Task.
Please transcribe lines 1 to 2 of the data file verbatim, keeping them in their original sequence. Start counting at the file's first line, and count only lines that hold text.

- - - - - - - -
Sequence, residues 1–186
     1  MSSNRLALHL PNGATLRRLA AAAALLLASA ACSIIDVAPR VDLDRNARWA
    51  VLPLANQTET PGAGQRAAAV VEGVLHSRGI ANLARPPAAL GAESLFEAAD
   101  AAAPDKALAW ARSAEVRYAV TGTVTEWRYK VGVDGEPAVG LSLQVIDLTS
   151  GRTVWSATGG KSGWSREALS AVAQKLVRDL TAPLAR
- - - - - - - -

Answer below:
Sequence, residues 1–186
     1  MSSNRLALHL PNGATLRRLA AAAALLLASA ACSIIDVAPR VDLDRNARWA